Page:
Public School Performance

The evidence decisively shows that educational achievement is not tied directly to high levels of funding. The assumption that more money means better education is unfounded, and legislators must remain skeptical about attempts to link overall student performance with increased per pupil spending.

As the following chart shows, per-student public education spending in Texas has increased each and every year since 1999 (even when adjusted for inflation), while educational outcomes (as measured by statewide average SAT scores) have remained static, showing neither improvement nor decline:

Despite increased funding, overall academic achievement has remained flat, which brings the debate full-circle back to the question of getting more for every education dollar.

As a consequence of this generally mediocre performance, education spending ought to be put under a microscope as much as any other state agency or program. Governed by individual school districts that have both taxing authority and budget authority, there are only weak checks, at best, on the growth of the education bureaucracy, defined here as any personnel beyond the classroom teacher, campus administrator or principal.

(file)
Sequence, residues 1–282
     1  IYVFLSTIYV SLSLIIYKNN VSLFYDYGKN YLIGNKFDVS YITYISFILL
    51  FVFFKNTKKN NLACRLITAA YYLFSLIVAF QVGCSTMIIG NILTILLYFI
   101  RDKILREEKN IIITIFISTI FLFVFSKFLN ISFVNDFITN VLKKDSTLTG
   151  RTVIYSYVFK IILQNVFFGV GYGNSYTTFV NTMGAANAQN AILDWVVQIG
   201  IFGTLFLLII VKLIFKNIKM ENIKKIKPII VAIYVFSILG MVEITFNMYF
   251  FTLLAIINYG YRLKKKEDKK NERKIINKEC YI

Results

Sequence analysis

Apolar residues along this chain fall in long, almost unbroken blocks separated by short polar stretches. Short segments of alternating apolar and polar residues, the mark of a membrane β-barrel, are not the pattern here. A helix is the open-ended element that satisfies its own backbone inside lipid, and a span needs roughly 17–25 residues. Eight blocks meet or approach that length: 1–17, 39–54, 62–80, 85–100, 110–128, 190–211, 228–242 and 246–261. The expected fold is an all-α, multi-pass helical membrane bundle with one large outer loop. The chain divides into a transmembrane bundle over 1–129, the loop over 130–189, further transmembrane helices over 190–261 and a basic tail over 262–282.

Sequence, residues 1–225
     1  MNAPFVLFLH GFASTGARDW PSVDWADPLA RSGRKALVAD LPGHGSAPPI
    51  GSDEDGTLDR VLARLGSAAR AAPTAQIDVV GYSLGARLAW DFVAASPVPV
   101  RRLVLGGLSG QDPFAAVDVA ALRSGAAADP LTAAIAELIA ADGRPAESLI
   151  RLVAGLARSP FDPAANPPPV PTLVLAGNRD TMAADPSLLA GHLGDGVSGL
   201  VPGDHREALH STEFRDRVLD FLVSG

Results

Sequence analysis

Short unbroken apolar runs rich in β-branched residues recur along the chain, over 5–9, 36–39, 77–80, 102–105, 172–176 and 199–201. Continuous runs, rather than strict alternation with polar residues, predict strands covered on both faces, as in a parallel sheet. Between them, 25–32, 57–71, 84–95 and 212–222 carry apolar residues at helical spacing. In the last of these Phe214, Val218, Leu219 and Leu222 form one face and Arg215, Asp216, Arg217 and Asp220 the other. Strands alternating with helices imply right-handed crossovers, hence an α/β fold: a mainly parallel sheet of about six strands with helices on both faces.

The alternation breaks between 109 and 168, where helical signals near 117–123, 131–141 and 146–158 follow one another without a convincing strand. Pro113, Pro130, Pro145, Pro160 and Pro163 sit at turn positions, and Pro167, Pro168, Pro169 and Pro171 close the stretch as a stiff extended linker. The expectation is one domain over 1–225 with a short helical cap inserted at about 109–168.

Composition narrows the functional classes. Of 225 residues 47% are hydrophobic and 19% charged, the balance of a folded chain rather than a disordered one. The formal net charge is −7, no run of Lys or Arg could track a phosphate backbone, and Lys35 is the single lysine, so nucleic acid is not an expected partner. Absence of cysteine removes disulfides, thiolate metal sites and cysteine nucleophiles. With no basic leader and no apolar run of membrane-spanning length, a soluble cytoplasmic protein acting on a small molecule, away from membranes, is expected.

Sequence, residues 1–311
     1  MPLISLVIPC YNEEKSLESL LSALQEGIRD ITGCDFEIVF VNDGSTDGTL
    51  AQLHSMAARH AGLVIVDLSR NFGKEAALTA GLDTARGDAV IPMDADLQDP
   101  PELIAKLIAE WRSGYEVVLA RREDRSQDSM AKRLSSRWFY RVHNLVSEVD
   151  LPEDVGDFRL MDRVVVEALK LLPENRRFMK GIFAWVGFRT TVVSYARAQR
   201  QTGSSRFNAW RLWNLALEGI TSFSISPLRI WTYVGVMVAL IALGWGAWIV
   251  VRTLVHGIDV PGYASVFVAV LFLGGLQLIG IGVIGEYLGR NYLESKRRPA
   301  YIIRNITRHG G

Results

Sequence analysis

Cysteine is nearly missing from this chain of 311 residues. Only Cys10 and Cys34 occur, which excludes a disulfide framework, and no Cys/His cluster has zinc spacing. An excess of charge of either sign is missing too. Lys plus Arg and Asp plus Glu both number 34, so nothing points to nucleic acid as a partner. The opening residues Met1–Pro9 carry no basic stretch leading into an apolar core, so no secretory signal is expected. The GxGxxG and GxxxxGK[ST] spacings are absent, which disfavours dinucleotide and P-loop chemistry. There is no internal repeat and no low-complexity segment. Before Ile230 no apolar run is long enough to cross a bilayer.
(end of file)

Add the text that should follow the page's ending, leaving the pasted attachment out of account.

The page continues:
High expectations, rigorous standards, and parental involvement are much more critical to educational attainment than spending. Additionally, education can be delivered in varying forms and at different price points, not just through a government-funded monopoly system. The fact that the state sanctions alternative forms of education, such as private schools and home schools, that have worked demonstrably well with little or no state funding, illustrates the point that more money does not equate to a better education.

Indeed, the success of home-schooled students at the collegiate level demonstrates the shallowness of school funding debates, which are really about what the taxpayer is willing to pay for public school workers than any discernable outcome.